A GROUP of kind pals couldn’t decide what to do to support a schoolgirl suffering with a rare disorder – so organised seven weeks worth of quirky fundraisers.
Courtney Lowery, Shannon Swift, Lisa O’Leary and Rebecca Ward, all 14, were inspired to start a fundraising campaign when the mum of Jasmine Sanderson visited Dyke House Sports and Technology College to explain Fibrodysplasia Ossificans Progressiva (FOP).
Jasmine was just 19 months old when she was diagnosed with the condition, which causes bones to grow over tendons, ligaments, joints and muscles around the body which can lock into place at any time.
As previously reported in the Mail, Jasmine’s family and the families of other sufferers around the country are on a fundraising drive to raise £120,000, which is needed by the end of January next year to continue promising research into the condition.
And now the kindhearted Dyke House students are doing their bit with daily fundraising activities throughout November and half of December.
A sponsored silence, a day of wearing clothes back to front, a conga challenge, busking on the streets of Hartlepool and a flash mob dance are just some of the activities that will keep the girls busy over the next six weeks.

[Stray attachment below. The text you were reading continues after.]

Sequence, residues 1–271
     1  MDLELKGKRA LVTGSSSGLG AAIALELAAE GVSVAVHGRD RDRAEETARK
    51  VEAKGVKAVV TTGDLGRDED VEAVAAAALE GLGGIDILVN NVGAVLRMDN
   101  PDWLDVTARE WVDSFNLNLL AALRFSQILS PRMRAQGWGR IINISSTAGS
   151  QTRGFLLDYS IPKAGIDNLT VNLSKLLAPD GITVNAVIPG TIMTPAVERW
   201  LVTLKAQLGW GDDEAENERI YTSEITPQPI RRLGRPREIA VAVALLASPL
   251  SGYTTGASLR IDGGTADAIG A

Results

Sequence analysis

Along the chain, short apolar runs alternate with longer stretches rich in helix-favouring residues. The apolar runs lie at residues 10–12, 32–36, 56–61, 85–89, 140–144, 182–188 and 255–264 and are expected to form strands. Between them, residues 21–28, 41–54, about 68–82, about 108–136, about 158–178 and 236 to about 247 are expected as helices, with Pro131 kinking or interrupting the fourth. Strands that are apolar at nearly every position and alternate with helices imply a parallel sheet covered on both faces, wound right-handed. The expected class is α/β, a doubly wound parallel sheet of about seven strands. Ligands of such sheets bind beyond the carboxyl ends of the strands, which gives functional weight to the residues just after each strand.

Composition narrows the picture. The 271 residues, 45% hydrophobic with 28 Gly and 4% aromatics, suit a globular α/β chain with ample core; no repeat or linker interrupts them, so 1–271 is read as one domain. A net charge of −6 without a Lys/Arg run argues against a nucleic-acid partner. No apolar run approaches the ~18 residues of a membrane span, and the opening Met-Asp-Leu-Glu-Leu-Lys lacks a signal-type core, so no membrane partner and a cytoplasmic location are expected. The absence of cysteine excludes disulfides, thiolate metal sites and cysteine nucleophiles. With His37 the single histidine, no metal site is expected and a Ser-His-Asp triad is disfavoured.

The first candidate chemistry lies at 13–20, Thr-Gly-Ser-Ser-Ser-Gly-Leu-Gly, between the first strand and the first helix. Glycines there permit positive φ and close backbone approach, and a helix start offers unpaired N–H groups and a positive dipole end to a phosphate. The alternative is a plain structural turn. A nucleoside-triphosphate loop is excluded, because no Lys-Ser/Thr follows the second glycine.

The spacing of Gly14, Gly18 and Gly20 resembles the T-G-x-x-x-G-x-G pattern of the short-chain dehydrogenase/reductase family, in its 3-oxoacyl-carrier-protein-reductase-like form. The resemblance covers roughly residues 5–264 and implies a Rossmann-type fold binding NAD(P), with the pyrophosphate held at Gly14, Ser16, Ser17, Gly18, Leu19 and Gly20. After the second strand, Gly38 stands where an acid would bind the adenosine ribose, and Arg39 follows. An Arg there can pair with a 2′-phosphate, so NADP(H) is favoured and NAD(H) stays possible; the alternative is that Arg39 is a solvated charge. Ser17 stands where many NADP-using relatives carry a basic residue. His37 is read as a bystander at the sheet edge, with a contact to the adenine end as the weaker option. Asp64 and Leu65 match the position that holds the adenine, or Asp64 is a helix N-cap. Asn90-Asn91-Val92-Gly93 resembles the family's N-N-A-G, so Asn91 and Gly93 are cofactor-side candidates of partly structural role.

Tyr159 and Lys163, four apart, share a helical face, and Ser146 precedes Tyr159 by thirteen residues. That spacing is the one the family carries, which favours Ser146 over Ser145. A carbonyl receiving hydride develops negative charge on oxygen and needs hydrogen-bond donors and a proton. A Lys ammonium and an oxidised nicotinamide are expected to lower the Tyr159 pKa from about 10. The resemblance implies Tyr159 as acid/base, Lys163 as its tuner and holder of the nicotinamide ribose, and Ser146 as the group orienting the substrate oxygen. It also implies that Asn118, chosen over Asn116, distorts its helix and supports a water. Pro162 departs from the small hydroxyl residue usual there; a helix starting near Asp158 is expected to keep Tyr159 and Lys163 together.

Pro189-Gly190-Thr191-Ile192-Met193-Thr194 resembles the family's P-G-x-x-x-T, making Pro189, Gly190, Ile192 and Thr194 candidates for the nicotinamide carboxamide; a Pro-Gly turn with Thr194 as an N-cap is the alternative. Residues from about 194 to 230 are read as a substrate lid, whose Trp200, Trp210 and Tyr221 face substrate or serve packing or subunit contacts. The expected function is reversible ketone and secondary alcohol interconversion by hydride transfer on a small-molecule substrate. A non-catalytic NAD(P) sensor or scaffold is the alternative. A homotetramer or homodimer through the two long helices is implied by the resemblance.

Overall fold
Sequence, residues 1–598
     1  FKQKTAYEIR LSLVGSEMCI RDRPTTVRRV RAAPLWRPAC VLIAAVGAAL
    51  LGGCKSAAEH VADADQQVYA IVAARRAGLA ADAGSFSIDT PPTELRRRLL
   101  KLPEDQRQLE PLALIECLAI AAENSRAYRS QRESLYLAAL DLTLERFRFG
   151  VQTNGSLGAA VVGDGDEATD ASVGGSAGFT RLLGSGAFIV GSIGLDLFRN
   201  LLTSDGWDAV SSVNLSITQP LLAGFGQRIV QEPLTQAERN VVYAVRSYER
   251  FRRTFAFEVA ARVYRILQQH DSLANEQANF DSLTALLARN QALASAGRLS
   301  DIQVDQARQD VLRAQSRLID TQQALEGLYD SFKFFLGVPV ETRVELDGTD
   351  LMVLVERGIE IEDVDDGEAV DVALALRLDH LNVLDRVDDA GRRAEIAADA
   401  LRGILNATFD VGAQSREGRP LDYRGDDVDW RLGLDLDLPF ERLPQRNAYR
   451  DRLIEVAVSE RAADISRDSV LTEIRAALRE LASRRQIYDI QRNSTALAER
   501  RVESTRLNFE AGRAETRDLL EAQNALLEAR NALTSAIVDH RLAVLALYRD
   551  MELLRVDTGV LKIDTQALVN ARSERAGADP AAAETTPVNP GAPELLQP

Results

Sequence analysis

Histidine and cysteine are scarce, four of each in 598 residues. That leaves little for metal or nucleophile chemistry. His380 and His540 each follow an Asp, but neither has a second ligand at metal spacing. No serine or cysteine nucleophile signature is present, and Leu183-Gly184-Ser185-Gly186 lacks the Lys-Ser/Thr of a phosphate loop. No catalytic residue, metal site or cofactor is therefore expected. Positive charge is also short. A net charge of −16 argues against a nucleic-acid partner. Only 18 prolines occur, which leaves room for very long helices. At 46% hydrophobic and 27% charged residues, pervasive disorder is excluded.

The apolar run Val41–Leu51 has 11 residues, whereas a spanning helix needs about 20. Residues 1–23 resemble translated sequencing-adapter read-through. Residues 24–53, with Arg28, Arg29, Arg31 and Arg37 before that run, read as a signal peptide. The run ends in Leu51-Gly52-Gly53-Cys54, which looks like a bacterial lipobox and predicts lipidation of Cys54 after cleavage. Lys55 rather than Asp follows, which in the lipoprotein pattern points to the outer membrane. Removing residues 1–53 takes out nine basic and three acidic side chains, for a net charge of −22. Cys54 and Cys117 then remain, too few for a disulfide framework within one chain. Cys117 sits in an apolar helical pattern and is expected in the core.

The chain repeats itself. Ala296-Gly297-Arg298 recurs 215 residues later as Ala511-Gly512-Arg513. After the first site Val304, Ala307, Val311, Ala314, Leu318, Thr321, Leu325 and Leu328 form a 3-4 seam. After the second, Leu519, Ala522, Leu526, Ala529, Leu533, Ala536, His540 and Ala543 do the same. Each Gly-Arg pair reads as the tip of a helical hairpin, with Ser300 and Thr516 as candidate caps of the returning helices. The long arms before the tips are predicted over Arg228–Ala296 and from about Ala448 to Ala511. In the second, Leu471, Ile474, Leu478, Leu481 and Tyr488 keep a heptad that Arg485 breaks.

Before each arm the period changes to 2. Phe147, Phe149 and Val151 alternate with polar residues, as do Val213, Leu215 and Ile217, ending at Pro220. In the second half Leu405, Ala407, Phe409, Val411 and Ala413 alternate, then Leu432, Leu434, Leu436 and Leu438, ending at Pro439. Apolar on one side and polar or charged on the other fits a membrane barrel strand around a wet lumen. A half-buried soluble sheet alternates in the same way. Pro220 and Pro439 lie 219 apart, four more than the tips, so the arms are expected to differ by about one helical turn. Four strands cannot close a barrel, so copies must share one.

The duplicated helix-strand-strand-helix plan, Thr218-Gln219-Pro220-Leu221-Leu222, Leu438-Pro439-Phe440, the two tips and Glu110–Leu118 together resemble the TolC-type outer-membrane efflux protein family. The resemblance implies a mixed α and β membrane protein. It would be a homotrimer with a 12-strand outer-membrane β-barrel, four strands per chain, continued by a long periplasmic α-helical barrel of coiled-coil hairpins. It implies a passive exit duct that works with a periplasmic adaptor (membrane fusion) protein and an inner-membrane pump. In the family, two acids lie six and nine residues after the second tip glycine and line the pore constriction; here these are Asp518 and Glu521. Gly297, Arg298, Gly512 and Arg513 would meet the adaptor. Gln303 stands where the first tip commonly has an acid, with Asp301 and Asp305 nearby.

Add to that list a week-long chocolate ban, cake sales, car washing, walking dogs and the small matter of sitting in a bath of beans.
The constant fundraising activities will come to an end of December 19 when the girls plan to hand all of the money they have raised over to Jasmine, who celebrated her sixth birthday last Thursday.
Courtney, who lives in the Dyke House area of Hartlepool with her parents, Darren, 36, and Karen, 41, and older sisters Hollie, 18, and Chelsea, 21, said: “Jasmine’s mum came into school and told us about the condition.
“Straight away we decided we wanted to do some fundraising, but we couldn’t decide what to do so we just thought we would do everything we could think of.
“We are just going to try and raise as much money as we can.”
Jasmine’s mum, Kelly, 34, a childminder who lives in the King Oswy area of Hartlepool with husband, Ian, 38, Jasmine and her older sister Sienna, seven, said: “This is absolutely brilliant what the girls are doing, it’s lovely.
“I haven’t been going out and asking these people to do these things, they just get in touch and start it themselves and it’s fantastic.”
The awareness of the condition will be raised even more when it features on a documentary, called the Human Mannequin, on Channel 4 on Thursday at 9pm.
To read more about the challenges which the girls are taking on and to donate or sponsor them visit www.facebook.com/FopDiseaseCharity.
To find out more about the condition go to www.fopaction.co.uk.